A sad example of what my old Shakespeare advisor, referring to Hamlet, would call the tragedy of a man who could not make up his mind. North’s life-saving, self-serving performance during the televised Iran-Contra hearings was widely reviewed in terms of movie and TV stars — James Stewart, Gary Cooper, Howdy Doody — but he’s been unable to turn his celebrity into a fake acting career on the scale of a G. Gordon Liddy, because he apparently can’t shake the feeling that he might yet be of real service to the nation. Playing a recurring role as a Deep Throat figure named Oliver on the ten-hut TV series JAG, he didn’t seem to be having any fun; that was also true of him in his only movie role to date — in A Perfect Candidate, the documentary detailing how perilously close he came to winning a congressional seat. (In the film, North comes across as an empty suit with an empty head, a supporting character compared to his Satanic campaign manager, who’s last seen telling reporters at a post-defeat press conference that he’s learned his lesson about turning voters off with too much negative campaigning — then walking away by himself spewing red-hot bile about how in future campaigns he’ll never let up, he’ll accuse his opponent of being a bed-wetter, a child molester, a werewolf, anything.) North has likewise gone the professional right-wing gasbag route, the last refuge of any untrustworthy grease stain with a working tongue; but even there, he gives poor entertainment value. The cow-eyed sincerity that saved his tin ass from prison just makes him a drag now. He’s so stupid he actually thinks he’s one of the good guys, so even an audience that enjoys the ravings of a Liddy or a Michael Savage as camp just feels embarrassed for him.
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Not every stained survivor of the Bush administration will be able to break through to show biz success, but many could show real potential with just a little careful guidance to make sure they pursue the right roles. So in the first installment of what we hope will be a long-running and award-winning regular feature — one that will be every bit as successful as the “Peckinpah Supporting Players Paper Doll Cut-out” feature, Steve Hicken and Gus Sheridan’s “Ten New One-Act Operas Based on Jim Thompson Paperback Covers,” and parts 17-31 of Scott Von Doviak’s “How I Lost That Job” — we offer these suggestions from the High Hat Casting Couch.
Just a few years ago, Rumsfeld was recognized as the designated dream date and most-wanted centerfold star of the Bush administration. Neo-con soul sister Midge Decter, from whom the editors of Sassy and Cosmopolitan get all their best ideas, has written eloquently (and frighteningly) of how his secure, manly style makes her all swoony. (When you consider that Decter is in a position to see Norman Podhoretz in his underwear any time she likes, you have to marvel that any other man invades her fantasy life.) Alas, since the scandal of Abu Ghraib and the draining off of support for the Iraq misadventure, Rumsfeld has undergone a serious image rewrite. Called on the carpet over the torture of Iraqi prisoners, Rumsfeld failed to comport himself the way Decter must have imagined he would — swaggering into the congressional hearing room and tossing aside his serape, sneering a challenge to John McCain that they decide how the U.S. should treat the Geneva Accords like men: by unzipping and breaking out the measuring tape — instead sputtering, double-talking and making with the high blink rate, just like any mortal political hack with his hand caught in a cookie jar. His pathetic performance reminded me of something Pauline Kael once wrote about Kirk Douglas: “Actors who strut the stage with such supreme confidence in their own virility make the best cuckolds.” If they were shooting a remake of Shampoo, I’d recommend Rumsfeld for the Jack Warden role in a second. The cruel, clueless smile, the beady eyes that dart everywhere and take in nothing, the misguidedly confident straight-backed waddle — all of it calls for Rumsfeld to come home early from work, walk into the bedroom where his wife is lying supine and satisfied, and stroll over to give the pool boy who’s quickly zipping up his pants a big friendly slap on the back. (“I thought you were just here on Wednesdays, Pablo! I appreciate your dedication.”) Can Blake Edwards be coached out of retirement? It would be worth it just for the big party scene at the end where Rumsfeld keeps getting knocked, fully clothed, into the swimming pool.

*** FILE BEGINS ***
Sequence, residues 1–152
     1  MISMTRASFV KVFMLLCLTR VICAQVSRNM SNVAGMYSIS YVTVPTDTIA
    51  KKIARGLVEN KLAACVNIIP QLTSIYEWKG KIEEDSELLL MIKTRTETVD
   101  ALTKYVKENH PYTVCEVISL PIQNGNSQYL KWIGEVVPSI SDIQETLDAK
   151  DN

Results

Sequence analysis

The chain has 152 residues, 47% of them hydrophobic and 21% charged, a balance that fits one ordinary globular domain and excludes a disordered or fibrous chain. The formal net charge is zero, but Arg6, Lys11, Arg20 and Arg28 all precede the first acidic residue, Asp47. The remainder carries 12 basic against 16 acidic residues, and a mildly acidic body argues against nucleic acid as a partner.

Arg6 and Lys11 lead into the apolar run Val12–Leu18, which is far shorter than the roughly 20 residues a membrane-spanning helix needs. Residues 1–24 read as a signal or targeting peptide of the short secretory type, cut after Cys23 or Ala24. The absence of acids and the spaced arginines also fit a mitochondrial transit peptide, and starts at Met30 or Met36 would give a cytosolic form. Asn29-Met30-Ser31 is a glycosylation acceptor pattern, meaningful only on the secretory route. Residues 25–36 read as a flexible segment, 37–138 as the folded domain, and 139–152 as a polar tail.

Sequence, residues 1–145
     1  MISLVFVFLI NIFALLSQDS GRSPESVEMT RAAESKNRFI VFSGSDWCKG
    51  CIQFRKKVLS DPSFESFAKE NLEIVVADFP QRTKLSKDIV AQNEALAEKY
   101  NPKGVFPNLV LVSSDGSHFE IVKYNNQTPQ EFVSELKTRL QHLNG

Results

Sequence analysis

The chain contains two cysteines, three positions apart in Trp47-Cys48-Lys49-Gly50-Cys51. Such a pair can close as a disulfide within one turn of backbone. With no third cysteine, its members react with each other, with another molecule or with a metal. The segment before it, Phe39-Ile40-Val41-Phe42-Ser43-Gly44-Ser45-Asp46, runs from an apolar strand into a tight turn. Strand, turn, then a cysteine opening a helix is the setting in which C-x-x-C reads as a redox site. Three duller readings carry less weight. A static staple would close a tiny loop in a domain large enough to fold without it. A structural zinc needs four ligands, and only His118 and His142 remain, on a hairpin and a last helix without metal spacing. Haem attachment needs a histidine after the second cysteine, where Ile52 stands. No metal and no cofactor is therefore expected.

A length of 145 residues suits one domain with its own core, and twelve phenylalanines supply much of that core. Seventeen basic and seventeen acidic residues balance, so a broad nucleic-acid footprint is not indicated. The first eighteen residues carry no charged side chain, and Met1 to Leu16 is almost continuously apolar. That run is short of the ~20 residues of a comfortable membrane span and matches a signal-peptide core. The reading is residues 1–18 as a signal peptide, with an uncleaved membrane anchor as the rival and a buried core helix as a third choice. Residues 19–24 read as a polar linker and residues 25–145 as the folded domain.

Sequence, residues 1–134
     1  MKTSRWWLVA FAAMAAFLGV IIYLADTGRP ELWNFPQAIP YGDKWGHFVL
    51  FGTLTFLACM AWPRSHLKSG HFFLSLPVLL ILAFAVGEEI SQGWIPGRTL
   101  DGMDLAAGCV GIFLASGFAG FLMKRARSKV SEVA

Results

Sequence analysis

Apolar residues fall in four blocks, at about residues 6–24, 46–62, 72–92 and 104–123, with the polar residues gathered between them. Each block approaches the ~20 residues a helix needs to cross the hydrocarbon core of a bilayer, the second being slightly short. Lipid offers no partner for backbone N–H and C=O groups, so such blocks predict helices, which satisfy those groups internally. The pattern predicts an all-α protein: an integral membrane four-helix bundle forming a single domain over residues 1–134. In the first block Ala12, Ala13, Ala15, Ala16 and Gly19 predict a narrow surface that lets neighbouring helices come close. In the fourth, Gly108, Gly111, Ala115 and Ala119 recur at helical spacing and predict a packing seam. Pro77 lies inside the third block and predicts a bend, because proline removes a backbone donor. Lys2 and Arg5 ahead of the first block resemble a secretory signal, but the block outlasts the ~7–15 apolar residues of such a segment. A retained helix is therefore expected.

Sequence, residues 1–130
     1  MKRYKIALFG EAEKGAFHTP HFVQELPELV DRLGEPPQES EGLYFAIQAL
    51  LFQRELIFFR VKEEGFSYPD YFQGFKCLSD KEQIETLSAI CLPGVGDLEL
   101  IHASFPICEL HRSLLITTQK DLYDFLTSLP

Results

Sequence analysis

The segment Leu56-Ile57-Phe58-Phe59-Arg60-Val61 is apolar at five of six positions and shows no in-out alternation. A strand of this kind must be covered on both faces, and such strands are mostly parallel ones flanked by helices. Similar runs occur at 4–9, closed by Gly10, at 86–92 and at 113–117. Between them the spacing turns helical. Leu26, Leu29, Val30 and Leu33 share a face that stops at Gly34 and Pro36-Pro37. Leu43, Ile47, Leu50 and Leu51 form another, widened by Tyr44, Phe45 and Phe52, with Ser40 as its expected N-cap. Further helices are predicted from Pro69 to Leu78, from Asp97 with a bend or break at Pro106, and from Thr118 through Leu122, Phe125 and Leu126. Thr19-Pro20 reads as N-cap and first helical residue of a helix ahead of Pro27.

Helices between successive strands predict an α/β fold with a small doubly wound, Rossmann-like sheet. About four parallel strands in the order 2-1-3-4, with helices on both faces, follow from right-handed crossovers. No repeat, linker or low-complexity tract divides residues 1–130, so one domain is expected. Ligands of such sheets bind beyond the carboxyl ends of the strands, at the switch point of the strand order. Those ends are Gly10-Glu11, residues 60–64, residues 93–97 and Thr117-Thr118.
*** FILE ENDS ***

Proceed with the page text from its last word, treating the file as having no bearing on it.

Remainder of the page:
In a photo published in Vanity Fair during the neo-cons’ glory days, Perle sits facing the camera, his bright eyes aglitter, his smile gleaming and wicked; all he lacks are talons and a skull-headed walking stick. Here is the man Decter thought Rumsfeld was — unwavering, strong, undoubting, self-satisfied, convinced that if some utopian fantasy of his is carried out and thousands of people he predicted would benefit from it wind up murdered instead, it’s the dead people who must have screwed up. (Christopher Hitchens, taking up the Decter role, proclaimed the picture “very sexy,” resulting in some fantasies that I wish I could dig out of my brain with a spork.)